Lewis: Study shows NFL schedule could be more equitable, but getting a fair shake isn’t all it takes to win _lowres

A New England Patriots fan shows his support in the first half of an NFL football game between the Patriots and the Buffalo Bills Sunday, Dec. 28, 2014, in Foxborough, Mass. (AP Photo/Charles Krupa)

By now, we all know that the reason the Saints didn’t make the playoffs last season was because they had an unfair amount of games against teams coming off their bye week or Thursday night games.

Right?

Well, maybe that wasn’t the only reason. But according to research done by a group from the University of Buffalo, the NFL’s reputation for seeking parity in everything, including scheduling, doesn’t always hold up to scrutiny.

“Probably every team has some sort of disadvantage,” said Dr. Murat Kurt, an assistant professor in the university’s department of industrial systems and engineering and a co-advisor on the project. “Some had more; some had less. But for some teams, they show up more often over the years and never even out.”

Naturally, Dr. Kurt and his colleagues were suspicious that that was especially true for their beloved Buffalo Bills, who haven’t been in the playoffs this century.

So when Kyle Cunningham, a 2014 UB graduate, suggested they take a look at the data and see what might be done to fix the problem instead of doing their usual work on such trivial matters as managing resources and revenues — particularly in the health services field — everyone was on board.

And, sure enough, since 2002, the Bills have played more rested opponents — 26 — than any other team. (Atlanta has played more teams coming off byes — 17 — but that’s the Falcons’ problem.)

So to combat this injustice, they came up with some light reading called “Alleviating Competitive Imbalance in NFL Schedules: An Integer-Programming Approach,” which they entered in the MIT Sloan Sports Analytics Conference research paper competition.

It didn’t win; ones on the art of framing by catchers to achieve more called strikes and advanced defensive metrics for NBA teams did. (Hopefully the Pelicans studied that last one before Monday’s playoff game.) But they did receive the Fans Award from ESPN, whose FiveThirtyEight division has never met an analytical study it didn’t like.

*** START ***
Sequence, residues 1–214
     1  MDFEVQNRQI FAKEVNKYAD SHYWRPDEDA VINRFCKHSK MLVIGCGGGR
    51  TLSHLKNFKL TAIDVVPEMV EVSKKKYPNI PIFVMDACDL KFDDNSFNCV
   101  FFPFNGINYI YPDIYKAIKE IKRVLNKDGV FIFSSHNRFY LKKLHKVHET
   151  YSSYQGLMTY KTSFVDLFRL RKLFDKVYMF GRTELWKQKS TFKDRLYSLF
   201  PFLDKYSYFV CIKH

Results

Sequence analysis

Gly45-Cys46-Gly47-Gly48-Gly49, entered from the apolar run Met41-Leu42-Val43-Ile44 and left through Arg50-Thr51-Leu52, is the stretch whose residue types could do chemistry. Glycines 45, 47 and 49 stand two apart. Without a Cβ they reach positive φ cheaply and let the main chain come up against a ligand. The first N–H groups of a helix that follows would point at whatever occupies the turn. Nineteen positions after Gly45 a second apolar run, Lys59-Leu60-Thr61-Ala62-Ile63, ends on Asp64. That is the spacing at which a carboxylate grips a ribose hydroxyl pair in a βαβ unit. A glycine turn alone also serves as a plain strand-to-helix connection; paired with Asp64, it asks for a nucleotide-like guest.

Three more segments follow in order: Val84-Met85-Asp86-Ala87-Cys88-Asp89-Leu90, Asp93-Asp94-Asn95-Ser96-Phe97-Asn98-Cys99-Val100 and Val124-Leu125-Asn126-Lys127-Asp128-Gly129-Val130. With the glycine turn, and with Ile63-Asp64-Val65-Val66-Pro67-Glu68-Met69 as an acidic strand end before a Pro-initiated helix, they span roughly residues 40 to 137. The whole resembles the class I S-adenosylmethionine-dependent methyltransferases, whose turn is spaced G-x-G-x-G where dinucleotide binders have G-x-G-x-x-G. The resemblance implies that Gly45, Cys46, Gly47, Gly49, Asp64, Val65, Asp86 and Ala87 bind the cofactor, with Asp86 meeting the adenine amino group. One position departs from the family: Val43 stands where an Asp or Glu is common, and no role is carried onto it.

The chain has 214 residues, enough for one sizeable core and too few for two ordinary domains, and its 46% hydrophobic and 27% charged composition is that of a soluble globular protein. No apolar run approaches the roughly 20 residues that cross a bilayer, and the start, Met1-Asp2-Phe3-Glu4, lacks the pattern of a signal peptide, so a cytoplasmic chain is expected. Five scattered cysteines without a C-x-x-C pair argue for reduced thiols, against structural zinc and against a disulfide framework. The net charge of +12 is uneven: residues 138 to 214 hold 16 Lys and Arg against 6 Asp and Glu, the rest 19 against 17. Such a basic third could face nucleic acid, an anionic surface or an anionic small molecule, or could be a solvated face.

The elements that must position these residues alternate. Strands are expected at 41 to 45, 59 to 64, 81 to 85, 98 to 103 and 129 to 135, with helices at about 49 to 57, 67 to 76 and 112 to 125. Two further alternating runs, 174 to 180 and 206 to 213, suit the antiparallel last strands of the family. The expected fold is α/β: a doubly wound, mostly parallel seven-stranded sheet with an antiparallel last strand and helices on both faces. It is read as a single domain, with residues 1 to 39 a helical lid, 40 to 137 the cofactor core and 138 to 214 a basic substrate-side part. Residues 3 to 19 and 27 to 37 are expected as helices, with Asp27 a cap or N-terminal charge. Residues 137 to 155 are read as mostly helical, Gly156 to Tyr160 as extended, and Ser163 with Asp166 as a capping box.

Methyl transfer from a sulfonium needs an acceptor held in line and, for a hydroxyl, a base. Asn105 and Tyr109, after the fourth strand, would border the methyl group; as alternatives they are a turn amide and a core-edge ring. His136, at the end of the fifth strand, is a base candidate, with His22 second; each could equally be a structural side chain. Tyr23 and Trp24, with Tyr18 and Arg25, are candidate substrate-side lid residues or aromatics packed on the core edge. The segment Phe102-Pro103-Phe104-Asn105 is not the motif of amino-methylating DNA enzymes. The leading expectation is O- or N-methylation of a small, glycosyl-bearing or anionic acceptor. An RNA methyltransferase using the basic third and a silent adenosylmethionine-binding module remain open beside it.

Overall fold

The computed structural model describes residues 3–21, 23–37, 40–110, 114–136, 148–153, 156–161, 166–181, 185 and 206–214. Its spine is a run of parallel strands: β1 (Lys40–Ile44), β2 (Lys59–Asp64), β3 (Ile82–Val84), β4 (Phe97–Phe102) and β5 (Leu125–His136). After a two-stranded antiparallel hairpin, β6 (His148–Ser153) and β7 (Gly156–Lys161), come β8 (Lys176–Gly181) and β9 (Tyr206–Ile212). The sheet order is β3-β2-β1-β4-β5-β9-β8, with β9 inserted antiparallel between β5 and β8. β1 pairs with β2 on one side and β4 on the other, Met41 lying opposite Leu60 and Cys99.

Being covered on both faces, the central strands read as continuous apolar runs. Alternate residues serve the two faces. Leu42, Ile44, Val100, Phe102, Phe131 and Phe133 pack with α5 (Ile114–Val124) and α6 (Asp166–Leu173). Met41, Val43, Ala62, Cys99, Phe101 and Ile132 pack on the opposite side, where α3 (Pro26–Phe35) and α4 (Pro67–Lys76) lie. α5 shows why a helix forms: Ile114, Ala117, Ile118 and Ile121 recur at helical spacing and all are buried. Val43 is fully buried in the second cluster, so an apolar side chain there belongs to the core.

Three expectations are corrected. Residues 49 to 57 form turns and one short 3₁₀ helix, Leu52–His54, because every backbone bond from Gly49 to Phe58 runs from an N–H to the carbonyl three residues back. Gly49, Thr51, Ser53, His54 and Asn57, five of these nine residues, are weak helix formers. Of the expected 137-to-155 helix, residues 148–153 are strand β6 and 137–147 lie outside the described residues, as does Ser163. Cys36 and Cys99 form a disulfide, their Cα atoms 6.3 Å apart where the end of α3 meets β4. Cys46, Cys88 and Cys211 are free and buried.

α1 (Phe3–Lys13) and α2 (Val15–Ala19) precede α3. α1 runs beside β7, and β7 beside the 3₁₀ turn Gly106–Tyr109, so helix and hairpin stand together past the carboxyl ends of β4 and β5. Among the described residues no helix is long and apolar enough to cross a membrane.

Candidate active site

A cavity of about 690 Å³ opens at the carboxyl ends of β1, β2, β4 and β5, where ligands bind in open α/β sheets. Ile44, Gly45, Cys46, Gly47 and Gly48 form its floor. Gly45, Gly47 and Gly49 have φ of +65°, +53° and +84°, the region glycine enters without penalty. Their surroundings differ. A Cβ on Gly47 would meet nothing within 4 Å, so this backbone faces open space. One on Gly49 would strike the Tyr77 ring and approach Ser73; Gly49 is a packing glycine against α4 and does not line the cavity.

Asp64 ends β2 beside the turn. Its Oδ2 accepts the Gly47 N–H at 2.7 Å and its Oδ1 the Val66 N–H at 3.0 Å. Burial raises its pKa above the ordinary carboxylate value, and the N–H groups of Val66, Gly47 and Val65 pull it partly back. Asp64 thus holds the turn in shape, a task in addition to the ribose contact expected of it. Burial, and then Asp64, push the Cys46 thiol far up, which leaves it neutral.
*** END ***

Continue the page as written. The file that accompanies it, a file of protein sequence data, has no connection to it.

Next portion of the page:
And on top of that, the NFL was interested enough in the study to provide insider data to the group in its quest to come up with a more equitable scheduling formula for the future.

Whether the league actually used any of the suggestions in formulating the 2015 schedule will become apparent Tuesday evening when it is revealed.

“There were some things like broadcast considerations, which gave us a more realistic look through the eyes of the NFL,” Kurt said. “The owners have their own requests that figure into it, too.”

Obviously coming up with the NFL schedule is a complicated process, although it actually pales by comparison with baseball, basketball and hockey.

But in just the NFL operation, Howard Katz, the league’s scheduling czar, and Michael North, senior director of broadcasting, have to deal with no less than 27 rules, ranging from the obvious (each team plays each division opponent twice) to the obscure (the Bay Area teams cannot both be on the road on the same weekend more than three times).

The NFL computer creates about 140,000 potential schedules, of which 150 are reviewed by hand. And then the TV networks get involved, a process made more complicated now because every team plays a Thursday night game — thus creating the rest-time discrepancies.

Last year, the Saints played three straight times against teams either coming off a Thursday game or a bye week: Cincinnati, Baltimore and Pittsburgh. That was second in the league only to Buffalo’s four.

The Saints lost to the Bengals and Ravens and managed to hang on for a 35-32 victory against the Steelers.

“The players and coaches don’t like the Thursday games, but they’re here to stay,” Kurt said. “Our solution is to have as many teams as possible playing their Thursday games after a bye week. Since they then have 10 days before their next game, that creates another mini-bye. The league should move some of those late-season Thursday games to Saturday to reduce the number of short weeks as well. They started doing that last year, so that should continue.”

Kurt added that his hope is that, if the league doesn’t adopt his group’s schedule-creating software (which has no team playing more than two rested opponents in a season), it at least does more to eliminate scheduling anomalies such as last year, when Tampa Bay played only four home games over a 13-week period. Small wonder the Bucs finished 2-14.

And, of course, the initial look at the schedule can be misleading. Last year, the Saints didn’t meet a 2013 playoff team until Green Bay in Week 8. But by the time they played that game, they were 2-4.

All Kurt and his group are asking for is a fair shake — just like they see Bill Belichick and his New England Patriots getting every year.

“Their time as a dynasty is coming to an end,” Kurt said. “We’ve got Rex Ryan now.”